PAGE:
Huxley gave (Coll.  Ess. v. pp. 237-239) the following account:-- 

``When I reached intellectual maturity, and began to ask 
myself whether I was an atheist, a theist or a pantheist, a 
materialist or an idealist, a Christian or a freethinker, I 
found that the more I learned and reflected, the less ready 
was the answer.  The one thing on which most of these good 
people were agreed was the one thing in which I differed from 
them.  They were quite sure they had attained a certain 
`gnosis'--had more or less successfully solved the problem 
of existence; while I was quite sure that I had not, and had 
a pretty strong conviction that the problem was insoluble.  
This was my situation when I had the good fortune to find a 
place among the members of that remarkable confraternity of 
antagonists, the Metaphysical Society.  Every variety of 
philosophical and theological opinion was represented there; 
most of my colleagues were -ists of one sort or another; and 
I, the man without a rag of a belief to cover himself with, could 
not fail to have some of the uneasy feelings which must have 
beset the historical fox when, after leaving the trap in which 
his tail remained, he presented himself to his normally elongated 
companions.  So I took thought, and invented what I conceived 
to be the appropriate title of `agnostic.' It came into my head 
as suggestively antithetic to the `gnostic' of Church history, 
who professed to know so much about the very things of which 
I was ignorant.  To my great satisfaction the term took.'' 

This account is confirmed by R. H. Hutton, who in 1881 wrote 
that the word ``was suggested by Huxley at a meeting held 
previous to the formation of the now defunct Metaphysical 
Society at Mr Knowles's house on Clapham Common in 1869, in my 
hearing.  He took it from St Paul's mention of the altar 
to the Unknown God.'' Hutton here gives a variant etymology 
for the word, which may be therefore taken as partly derived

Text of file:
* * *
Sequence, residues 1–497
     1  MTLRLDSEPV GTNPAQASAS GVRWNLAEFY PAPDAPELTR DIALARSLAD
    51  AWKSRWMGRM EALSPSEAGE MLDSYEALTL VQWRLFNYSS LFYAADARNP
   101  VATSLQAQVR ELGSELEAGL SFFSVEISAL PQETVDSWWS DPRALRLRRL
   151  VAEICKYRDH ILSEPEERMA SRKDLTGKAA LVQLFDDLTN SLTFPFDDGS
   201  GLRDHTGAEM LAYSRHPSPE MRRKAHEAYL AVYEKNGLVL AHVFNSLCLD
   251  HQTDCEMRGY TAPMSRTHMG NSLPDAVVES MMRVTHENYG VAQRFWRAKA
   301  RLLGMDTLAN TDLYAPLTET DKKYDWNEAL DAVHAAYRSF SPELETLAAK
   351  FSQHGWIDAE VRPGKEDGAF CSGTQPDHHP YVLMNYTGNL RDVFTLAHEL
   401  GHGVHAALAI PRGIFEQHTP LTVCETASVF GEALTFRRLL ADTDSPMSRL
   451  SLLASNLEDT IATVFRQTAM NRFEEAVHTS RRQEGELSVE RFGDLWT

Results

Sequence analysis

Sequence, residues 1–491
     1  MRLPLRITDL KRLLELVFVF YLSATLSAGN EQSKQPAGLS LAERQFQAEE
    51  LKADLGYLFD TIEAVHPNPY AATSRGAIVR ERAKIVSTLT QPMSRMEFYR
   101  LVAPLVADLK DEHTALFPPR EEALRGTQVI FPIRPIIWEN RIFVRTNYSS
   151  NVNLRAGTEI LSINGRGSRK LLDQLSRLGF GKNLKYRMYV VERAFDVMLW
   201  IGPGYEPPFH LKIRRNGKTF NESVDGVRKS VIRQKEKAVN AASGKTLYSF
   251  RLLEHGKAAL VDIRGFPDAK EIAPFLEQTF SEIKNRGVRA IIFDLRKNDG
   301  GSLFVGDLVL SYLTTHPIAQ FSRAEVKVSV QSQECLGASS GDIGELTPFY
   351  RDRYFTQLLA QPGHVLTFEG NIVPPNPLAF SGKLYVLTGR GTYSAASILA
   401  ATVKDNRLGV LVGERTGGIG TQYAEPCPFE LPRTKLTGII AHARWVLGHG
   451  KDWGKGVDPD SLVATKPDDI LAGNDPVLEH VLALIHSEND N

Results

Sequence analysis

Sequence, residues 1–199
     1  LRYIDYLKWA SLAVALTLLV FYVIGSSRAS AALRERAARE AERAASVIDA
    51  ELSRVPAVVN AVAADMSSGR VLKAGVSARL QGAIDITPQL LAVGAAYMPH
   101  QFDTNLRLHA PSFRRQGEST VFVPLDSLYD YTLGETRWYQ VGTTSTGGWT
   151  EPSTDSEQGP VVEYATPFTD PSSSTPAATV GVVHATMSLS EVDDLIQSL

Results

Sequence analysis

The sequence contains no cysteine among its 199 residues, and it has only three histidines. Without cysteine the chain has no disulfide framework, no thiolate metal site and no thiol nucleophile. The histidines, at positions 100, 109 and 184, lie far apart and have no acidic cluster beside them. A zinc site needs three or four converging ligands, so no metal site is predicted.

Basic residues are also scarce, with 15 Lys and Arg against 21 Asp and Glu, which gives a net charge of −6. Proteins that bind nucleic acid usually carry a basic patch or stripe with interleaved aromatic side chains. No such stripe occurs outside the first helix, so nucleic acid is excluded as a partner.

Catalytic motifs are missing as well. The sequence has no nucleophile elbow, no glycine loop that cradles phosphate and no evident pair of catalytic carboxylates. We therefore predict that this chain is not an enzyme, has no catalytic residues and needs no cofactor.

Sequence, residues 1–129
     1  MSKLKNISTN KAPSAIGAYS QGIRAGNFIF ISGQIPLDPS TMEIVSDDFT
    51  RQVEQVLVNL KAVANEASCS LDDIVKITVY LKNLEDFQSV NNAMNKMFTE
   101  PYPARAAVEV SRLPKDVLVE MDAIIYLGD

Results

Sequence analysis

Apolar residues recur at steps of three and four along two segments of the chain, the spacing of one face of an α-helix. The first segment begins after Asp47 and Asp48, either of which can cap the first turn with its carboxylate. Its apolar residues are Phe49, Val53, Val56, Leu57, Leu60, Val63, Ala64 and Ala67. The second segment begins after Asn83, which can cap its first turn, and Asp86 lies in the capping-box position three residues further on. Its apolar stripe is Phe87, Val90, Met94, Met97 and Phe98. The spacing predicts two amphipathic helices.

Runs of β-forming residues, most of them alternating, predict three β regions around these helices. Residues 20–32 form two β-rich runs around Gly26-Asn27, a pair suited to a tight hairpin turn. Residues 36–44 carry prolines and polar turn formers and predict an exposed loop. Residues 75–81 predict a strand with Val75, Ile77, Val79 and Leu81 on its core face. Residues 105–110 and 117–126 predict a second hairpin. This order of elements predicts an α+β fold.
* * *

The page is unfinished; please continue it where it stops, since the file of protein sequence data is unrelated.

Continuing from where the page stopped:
from agnostos (the ``unknown'' God), and partly from an 
antithesis to ``gnostic''; but the meaning remains the same 
in either case.  The name, as Huxley said, ``took''; it was 
constantly used by Hutton in the Spectator and became a 
fashionable label for contemporary unbelief in Christian 
dogma.  Hutton himself frequently misrepresented the doctrine 
by describing it as ``belief in an unknown and unknowable 
God''; but agnosticism as defined by Huxley meant not belief, 
but absence of belief, as much distinct from belief on the 
one hand as from disbelief on the other; it was the half-way 
house between the two, where all questions were ``open.'' All 
that Huxley asked for was evidence, either for or against; 
but this he believed it impossible to get.  Occasionally 
he too mis-stated the meaning of the word he had invented, 
and described agnosticism as meaning ``that a man shall not 
say he knows or believes what he has no scientific ground 
for professing to know or believe.'' But as the late Rev. 
A. W. Momerie remarked, this would merely be ``a definition 
of honesty; in that sense we ought all to be agnostics.'' 

Agnosticism really rests on the doctrine of the Unknowable, 
the assertion that concerning certain objects--among them 
the Deity--we never can have any ``scientific'' ground for 
belief.  This way of solving, or passing over, the ultimate